Today’s consumer demands more information than ever, yet the concept of supply chain transparency was virtually unknown 15 years ago. The reputational cost of failing to meet demands for supply chain-related information about ingredients, food fraud, sustainability, and ethical practices can be high. But, when it comes down to it, there are so many moving parts to the story it can be difficult for companies to know what is happening upstream and to communicate this knowledge both internally and externally. 

If you’re in the business of food and haven’t considered a better way to build a bridge between your production and your destined consumer, there’s no time like the present. That means finding effective solutions that support you to showcase the care you put into your agri-food business, including building a reputable brand, backed up with transparency and trust. 

According to Emergen Research in Surrey B.C., the global food traceability market already reached $4.5 billion in 2020 and is growing fast in response to the increasing need for identifying necessary documentation, improving quality control systems, and reducing the risks of contaminated products reaching the end consumers. 

Central to this work are safety, quality, sustainability, and especially, trust. That means holding the power to link your food chain records, and eliminate inaccuracies and errors while avoiding delays in locating and sharing all that essential data in real-time on-demand.

Why is transparency important?

So, why is there no time like now to focus on building that trust? To start, here are three big wins when your supply chain management software proves that you care.

Customer is key. Your supply chain management software helps you provide key information on your products as they make their way along the supply chain journey. Consumers value information such as, what was the journey from the farm to the store? Are the ingredients, and the packaging, put together with environmental sustainability in mind? What about the ethics behind its production, including the way laborers are treated and compensated? Researchers at the MIT Sloan School of Management found that consumers may be willing to pay 2% to 10% more for products from companies that provide greater supply chain transparency.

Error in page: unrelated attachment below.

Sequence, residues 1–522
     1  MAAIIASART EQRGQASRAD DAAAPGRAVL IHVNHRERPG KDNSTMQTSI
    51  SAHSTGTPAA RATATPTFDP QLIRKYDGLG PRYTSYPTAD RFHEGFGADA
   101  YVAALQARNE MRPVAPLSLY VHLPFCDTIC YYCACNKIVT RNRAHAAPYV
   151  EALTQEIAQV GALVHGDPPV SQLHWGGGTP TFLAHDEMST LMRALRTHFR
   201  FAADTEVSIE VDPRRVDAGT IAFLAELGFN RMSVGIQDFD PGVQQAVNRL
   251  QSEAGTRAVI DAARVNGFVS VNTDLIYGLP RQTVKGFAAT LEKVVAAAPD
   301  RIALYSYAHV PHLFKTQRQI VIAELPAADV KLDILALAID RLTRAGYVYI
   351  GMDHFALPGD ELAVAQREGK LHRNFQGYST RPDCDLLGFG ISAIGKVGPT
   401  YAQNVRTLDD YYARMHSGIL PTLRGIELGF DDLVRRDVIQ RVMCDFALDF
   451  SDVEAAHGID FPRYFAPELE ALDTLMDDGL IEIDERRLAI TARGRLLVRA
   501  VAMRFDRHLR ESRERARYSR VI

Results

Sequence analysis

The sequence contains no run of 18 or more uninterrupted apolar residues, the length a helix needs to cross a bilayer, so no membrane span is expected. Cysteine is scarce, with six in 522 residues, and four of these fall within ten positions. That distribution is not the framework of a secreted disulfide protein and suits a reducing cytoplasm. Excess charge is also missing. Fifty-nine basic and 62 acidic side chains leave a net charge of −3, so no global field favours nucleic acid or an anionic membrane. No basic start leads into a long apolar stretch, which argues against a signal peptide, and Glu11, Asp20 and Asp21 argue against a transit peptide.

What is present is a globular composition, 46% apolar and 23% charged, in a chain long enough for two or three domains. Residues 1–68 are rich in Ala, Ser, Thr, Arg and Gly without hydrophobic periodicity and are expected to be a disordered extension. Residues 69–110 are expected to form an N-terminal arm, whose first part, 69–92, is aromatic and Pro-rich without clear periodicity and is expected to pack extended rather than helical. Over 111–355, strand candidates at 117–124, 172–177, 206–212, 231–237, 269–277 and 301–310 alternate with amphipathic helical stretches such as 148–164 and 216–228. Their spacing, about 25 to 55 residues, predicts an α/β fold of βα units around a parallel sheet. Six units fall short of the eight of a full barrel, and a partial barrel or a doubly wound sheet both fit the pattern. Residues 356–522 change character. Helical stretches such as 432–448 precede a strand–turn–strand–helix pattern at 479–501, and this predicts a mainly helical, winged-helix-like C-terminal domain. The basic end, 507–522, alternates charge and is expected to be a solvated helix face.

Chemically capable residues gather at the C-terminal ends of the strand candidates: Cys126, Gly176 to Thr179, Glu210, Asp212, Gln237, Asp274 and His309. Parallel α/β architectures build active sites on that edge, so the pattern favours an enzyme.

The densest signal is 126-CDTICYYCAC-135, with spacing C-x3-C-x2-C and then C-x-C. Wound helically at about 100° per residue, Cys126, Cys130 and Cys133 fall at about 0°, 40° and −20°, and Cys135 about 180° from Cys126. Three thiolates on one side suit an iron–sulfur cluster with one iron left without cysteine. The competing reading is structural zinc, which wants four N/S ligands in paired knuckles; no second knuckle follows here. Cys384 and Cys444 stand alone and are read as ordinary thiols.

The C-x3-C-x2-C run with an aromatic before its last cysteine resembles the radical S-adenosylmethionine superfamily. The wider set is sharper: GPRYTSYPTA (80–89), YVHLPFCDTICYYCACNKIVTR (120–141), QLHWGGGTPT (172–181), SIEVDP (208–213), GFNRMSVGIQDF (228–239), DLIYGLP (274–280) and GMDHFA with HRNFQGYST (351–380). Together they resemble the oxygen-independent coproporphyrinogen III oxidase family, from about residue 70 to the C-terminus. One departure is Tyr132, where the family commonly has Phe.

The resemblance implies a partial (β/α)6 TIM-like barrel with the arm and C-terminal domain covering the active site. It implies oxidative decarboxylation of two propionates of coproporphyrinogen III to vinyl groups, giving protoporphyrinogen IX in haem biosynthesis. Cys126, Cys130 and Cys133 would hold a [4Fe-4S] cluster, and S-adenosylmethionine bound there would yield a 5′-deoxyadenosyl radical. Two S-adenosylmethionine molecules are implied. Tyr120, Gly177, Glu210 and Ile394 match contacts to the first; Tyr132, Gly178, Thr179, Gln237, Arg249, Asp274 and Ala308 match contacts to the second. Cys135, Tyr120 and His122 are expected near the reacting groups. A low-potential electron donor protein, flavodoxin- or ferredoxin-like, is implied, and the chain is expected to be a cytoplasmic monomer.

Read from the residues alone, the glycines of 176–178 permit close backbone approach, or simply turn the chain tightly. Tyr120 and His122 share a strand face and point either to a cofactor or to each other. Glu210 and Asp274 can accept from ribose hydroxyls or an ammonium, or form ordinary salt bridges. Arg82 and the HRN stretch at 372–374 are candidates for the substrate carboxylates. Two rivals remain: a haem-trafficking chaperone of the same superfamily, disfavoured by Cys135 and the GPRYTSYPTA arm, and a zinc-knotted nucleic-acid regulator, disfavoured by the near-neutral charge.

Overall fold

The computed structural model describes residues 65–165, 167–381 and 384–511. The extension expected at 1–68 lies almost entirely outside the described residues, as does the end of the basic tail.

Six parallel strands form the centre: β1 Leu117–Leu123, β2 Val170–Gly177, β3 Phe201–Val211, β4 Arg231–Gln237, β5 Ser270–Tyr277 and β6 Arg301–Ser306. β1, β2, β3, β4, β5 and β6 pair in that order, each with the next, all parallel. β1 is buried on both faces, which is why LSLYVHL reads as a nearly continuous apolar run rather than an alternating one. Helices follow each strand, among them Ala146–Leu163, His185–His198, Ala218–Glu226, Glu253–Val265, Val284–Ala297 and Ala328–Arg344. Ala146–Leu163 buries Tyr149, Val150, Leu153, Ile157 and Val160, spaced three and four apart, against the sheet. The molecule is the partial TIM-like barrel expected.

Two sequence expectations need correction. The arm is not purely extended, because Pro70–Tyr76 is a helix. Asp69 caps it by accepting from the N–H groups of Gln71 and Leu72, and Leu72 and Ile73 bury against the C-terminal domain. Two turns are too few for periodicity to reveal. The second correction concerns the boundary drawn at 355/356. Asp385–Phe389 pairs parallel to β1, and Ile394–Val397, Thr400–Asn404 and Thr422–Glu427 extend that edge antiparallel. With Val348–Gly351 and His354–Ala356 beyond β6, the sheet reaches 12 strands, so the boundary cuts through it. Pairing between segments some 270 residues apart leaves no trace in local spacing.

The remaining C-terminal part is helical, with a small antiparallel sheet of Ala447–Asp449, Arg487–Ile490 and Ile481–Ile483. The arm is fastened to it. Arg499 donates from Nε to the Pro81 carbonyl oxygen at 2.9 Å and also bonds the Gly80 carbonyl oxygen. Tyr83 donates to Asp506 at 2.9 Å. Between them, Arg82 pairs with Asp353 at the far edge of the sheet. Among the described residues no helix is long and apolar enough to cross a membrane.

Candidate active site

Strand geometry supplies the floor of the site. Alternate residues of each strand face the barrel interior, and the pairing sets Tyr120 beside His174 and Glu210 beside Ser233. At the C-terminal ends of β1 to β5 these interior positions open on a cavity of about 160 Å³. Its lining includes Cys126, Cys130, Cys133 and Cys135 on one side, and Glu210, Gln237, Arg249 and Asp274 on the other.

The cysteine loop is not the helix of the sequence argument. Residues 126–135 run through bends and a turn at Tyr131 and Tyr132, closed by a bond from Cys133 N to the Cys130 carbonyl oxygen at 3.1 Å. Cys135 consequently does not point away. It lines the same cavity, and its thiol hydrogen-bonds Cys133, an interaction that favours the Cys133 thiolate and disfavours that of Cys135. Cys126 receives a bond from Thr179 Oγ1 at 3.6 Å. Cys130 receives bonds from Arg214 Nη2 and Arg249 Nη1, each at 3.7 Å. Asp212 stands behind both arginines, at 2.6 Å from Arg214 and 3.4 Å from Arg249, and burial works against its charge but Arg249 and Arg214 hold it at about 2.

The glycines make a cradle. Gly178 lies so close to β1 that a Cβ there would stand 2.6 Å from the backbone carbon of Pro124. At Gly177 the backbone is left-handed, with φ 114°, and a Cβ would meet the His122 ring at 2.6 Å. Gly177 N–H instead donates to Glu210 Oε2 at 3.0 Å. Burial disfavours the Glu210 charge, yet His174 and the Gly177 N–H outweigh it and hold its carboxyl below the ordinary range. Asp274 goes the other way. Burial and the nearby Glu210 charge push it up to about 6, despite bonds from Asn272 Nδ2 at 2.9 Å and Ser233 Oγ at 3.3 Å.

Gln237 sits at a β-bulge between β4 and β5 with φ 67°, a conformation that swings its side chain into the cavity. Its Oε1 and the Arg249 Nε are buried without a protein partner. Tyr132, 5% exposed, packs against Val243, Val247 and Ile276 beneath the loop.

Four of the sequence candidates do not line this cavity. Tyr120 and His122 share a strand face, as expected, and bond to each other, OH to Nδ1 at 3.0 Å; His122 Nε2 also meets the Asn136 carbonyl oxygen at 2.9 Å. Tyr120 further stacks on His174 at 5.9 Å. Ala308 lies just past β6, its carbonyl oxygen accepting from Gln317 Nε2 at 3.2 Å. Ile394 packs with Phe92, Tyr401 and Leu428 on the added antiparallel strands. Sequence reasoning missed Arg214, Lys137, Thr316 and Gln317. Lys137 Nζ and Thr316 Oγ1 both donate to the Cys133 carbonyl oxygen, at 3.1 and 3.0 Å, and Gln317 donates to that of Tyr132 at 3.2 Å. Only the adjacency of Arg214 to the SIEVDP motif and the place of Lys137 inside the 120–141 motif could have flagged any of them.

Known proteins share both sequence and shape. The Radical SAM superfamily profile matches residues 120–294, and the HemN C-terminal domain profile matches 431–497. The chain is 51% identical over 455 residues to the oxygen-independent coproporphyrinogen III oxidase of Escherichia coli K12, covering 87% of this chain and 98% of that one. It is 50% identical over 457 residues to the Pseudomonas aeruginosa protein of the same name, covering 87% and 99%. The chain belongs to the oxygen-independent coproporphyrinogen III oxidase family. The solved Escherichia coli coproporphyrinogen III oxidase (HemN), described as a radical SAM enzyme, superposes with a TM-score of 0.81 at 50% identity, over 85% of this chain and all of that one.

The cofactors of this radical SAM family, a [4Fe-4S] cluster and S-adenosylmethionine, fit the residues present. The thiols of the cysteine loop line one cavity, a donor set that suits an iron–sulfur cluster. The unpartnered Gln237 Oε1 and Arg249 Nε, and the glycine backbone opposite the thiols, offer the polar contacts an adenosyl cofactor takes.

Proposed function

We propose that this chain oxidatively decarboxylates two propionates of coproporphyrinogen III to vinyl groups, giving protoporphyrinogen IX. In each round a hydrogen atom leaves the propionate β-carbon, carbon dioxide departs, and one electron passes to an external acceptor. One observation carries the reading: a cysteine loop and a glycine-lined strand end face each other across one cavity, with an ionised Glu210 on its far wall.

Business is better. If you’re supplying food to large multinational corporations, they already understand the priorities their customers take to heart. But do you meet those expectations too, and can you back up those claims? If you’re working with the right supply chain management software, you can have confidence in your claims. Furthermore, implementing automated systems cuts costly errors and, most importantly, ensures you retain the key relationships you’ve worked hard to establish. A lack of supply chain transparency can halt business operations immediately, for example, shipments missing origin documents can be held up and turned away at ports, causing costly disruptions that ripple through the supply chain.

Build your industry. Let’s face it, bad news travels fastest. But, when you tell your good news story and can prove it through accurate supply chain management software that makes it easy to convey, you raise the entire industry. Why not share your progress and facilitate international trade by taking domestically produced food to markets outside your region, creating an even greater demand for it? 

The benefits

A transparent supply chain can prove to consumers that they are purchasing and consuming a product that meets its claims and standards. This in turn will reduce reputational risk and enhance trust in a business. There are important operational benefits too, gathering detailed information on your supply chain performance will help you to identify opportunities for improvement, increasing efficiency and speed, while reducing costly disruptions.

References -

Kraft et al (2018) Supply Chain Visibility and Social Responsibility: Investigating Consumers’ Behaviors and Motives; 

Understand the origins of your products

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